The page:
Official misconduct is a Class A misdemeanor in Oregon, the same class of crime that shoplifting items valued between $100 and $1000 falls under. There currently is no felony official misconduct crime in Oregon, but the Department of Justice hopes to change that. Attorney General John Kroger is drafting a bill to change official misconduct to a felony, and plans to introduce it to the legislature early next year. Proponents of the legal change say that prosecutors need more leverage in official misconduct cases than what misdemeanors provide.
In Pendleton, the Umatilla County seat, reporting on the Gushwa story has brought its share of challenges. Pendleton is a city of about 17,000. For local reporters, a small population can be both a help and a hindrance to accurate reporting, especially in crime stories. On one hand, gaining access to story sources is easier for many reporters in small towns than in large cities. At the East Oregonian, reporter Phil Wright says it is not unusual to see his sources at the local gym or grocery store. On the other hand, gossip and misinformation spread rapidly, and when it comes to readers commenting about unresolved crime cases on a newspaper’s website, journalists find themselves facing new editorial challenges.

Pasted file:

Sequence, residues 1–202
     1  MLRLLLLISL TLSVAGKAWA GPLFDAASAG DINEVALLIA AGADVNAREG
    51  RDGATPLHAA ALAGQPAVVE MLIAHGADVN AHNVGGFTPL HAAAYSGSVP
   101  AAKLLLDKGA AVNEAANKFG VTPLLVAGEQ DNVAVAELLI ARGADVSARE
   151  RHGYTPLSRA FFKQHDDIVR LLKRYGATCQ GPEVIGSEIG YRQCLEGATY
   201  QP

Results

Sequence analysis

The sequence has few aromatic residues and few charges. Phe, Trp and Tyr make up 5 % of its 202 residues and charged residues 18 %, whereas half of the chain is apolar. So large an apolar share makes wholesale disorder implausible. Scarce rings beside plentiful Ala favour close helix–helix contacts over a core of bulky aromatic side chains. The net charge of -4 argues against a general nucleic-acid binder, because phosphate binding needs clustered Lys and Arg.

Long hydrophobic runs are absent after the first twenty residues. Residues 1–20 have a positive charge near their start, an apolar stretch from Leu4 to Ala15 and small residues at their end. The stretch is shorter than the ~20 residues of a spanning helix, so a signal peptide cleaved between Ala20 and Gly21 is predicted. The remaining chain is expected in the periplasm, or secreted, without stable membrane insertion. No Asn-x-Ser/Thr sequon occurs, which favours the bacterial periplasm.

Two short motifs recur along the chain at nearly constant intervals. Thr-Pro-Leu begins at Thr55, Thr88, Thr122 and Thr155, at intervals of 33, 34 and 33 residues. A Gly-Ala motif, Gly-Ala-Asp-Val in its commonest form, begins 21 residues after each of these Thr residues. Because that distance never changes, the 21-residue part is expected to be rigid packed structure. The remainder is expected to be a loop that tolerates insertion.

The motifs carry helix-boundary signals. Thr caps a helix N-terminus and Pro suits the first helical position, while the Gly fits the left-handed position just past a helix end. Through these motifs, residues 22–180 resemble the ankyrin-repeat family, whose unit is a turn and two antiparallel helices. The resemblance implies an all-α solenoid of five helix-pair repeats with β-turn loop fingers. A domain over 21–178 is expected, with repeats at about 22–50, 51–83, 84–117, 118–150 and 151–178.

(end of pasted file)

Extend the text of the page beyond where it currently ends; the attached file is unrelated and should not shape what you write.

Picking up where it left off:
How tough do you think official misconduct law should be? How do digital media and interactive platforms, like comment threads on websites, change the way news organizations engage with the public? How can web comments from the public be harmful or beneficial to crime cases? Have you ever made an online comment about a crime story?
- Phil Wright: Crime, court and politics reporter for the East Oregonian
- Josh Marquis: District attorney of Clatsop County
- Alex Gibney: Oscar-winning filmmaker
- Tung Yin: Professor of law at Lewis and Clark College
- Scott Angus: Editor of Janesville Gazette in Wisconsin